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Jakarta Post

Study on potential tsunami aims to inform, not incite panic: BMKG

  • Rizki Fachriansyah
    Rizki Fachriansyah

    The Jakarta Post

Jakarta   /   Tue, September 29, 2020   /   05:58 pm
Study on potential tsunami aims to inform, not incite panic: BMKG A woman scatters flowers into the sea in Palu Bay, Central Sulawesi, on Sept 28, 2020. Families of victims visit the location to pray for their loved ones who died in the tsunami that hit the area two years ago. (Antara/Basri Marzuki)

The Meteorology, Climatology and Geophysics Agency (BMKG) has clarified that the purpose of a recent study conducted by the Bandung Institute of Technology (ITB), which found that Indonesia is vulnerable to a potential 20-meter-tall tsunami following a megathrust earthquake, is aimed at bolstering Indonesia’s disaster mitigation infrastructure and reducing the potential losses and damage due to the disaster.

The research has received significant media coverage over the weekend, gaining traction among social media users who were worried that the study was an exercise in fear-mongering disguised as science.

BMKG head Dwikorita Karnawati reassured the public that the study, which was conducted in collaboration with the agency, ITB and the Maritime Affairs and Fisheries Ministry, was a valid scientific endeavor. She explained that the study was intended to gauge the country’s disaster mitigation capabilities – including its early warning system – in the event of a 20-m-tall tidal wave predicted to emerge following a major quake that affects regions along the southern parts of Java Sea, among other regions.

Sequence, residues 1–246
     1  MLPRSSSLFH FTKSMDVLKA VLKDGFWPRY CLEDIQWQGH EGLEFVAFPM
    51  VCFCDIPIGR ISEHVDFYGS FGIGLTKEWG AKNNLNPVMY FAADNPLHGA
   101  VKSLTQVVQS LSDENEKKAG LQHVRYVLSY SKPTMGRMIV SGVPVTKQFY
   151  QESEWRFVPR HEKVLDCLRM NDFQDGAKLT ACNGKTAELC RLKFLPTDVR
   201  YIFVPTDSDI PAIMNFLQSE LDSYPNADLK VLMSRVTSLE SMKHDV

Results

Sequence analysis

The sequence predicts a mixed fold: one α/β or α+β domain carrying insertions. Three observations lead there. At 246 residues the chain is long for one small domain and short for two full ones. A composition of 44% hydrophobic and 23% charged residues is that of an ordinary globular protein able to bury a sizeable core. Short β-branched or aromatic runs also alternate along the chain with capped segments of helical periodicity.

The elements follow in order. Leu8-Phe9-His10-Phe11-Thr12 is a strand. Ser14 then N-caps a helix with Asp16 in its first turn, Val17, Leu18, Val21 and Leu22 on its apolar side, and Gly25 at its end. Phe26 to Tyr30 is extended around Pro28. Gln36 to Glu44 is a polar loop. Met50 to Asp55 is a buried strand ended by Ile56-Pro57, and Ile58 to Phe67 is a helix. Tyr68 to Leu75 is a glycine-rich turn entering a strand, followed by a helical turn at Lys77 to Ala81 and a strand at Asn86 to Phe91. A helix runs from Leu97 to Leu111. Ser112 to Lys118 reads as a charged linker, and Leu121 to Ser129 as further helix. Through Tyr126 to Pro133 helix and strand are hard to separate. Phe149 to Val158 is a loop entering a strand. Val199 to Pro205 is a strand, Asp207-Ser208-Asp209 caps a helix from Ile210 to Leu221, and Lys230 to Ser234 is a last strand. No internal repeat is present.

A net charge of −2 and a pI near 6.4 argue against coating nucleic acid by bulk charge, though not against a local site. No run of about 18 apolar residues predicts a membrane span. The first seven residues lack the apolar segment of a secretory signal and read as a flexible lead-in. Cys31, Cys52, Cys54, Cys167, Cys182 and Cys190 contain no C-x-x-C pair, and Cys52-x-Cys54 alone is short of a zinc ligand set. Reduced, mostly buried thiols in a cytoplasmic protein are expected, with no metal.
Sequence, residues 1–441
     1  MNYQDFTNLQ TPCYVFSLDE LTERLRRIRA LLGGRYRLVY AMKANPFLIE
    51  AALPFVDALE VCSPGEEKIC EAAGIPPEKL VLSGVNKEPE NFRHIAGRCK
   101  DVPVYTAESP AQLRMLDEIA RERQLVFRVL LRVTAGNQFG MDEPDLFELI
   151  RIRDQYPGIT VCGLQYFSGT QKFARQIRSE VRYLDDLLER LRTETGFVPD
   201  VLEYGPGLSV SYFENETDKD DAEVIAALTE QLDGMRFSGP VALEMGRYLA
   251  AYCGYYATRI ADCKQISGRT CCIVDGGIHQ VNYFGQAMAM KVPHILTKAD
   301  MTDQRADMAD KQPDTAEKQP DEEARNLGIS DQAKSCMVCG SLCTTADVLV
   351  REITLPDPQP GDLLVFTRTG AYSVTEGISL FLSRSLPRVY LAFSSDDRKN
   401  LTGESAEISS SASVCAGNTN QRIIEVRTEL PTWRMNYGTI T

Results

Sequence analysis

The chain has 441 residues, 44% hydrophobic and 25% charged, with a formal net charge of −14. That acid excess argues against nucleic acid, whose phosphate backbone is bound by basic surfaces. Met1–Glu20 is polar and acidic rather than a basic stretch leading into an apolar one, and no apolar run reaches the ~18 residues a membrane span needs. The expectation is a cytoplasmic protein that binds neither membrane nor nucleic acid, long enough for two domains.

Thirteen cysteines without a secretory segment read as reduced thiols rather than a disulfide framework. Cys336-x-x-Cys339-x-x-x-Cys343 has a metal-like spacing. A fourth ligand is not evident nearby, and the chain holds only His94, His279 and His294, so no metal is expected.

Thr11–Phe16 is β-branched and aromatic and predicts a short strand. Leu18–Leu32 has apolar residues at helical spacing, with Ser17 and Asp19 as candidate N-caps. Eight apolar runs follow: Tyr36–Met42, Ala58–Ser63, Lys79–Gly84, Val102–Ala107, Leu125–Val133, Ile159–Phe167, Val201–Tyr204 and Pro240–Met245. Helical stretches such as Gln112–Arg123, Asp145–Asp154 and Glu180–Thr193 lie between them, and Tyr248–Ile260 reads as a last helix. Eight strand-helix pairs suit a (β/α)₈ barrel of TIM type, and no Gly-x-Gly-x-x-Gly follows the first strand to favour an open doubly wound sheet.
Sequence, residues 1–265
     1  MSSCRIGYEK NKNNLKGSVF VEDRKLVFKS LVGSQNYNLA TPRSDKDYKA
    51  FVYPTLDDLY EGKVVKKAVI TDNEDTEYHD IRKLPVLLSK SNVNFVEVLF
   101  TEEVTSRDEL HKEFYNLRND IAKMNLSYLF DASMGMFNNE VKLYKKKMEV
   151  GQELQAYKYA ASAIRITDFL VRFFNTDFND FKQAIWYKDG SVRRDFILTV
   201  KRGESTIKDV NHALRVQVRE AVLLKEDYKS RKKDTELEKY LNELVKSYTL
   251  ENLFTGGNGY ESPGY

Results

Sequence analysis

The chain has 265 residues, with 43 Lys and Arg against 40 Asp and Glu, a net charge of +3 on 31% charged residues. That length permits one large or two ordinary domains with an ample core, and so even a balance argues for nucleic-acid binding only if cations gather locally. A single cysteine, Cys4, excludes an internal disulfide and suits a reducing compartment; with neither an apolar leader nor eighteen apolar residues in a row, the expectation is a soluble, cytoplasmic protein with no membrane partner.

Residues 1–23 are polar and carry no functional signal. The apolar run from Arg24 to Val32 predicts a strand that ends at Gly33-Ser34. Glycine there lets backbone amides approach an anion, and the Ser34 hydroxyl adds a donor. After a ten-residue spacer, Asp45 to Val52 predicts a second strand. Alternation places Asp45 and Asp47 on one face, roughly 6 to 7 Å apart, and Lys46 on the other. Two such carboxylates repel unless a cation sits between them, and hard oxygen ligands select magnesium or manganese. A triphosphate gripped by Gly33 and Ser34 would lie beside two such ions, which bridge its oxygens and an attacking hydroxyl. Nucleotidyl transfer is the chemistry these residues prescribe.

“As a country that’s vulnerable to earthquakes and tsunamis, studies of this kind should not incite public anxiety or panic,” Dwikorita said in a statement issued on Monday.

“Instead, it should bolster the disaster mitigation system so we can reduce or prevent the impacts of the disaster.”

Read also: House, govt set to revise disaster law in light of pandemic

Since 2008, the government had conducted a series of studies to anticipate potential tsunamis following a megathrust quake, similar to the 2004 Boxing Day Tsunami that hit Aceh, she said.

Over the years, the BMKG’s own early warning system has been adjusted to the requirements shown by the studies’ models in order to shorten the time gap between the actual occurrence of the disaster and the issuance of an evacuation alert to the public.

“Within three to five minutes following an earthquake, the monitoring and early warning systems – supported by the Internet of Things [Iot], super computers and artificial intelligence [AI], will automatically distribute a tsunami alert to residents in the most vulnerable regions,” Dwikorita said, adding that the alert was expected give a maximum of a 17-minute evacuation window, assuming that the tsunami arrived within 20 minutes after the earthquake.

She called on the public and regional administrations to remain vigilant and contribute to the local disaster mitigation services to reduce future losses and damages caused by potential tsunamis and earthquakes.

“Mitigation preparation that aligns with local wisdom is crucial, as stipulated in Law No. 24/2007 on disaster mitigation,” Dwikorita added.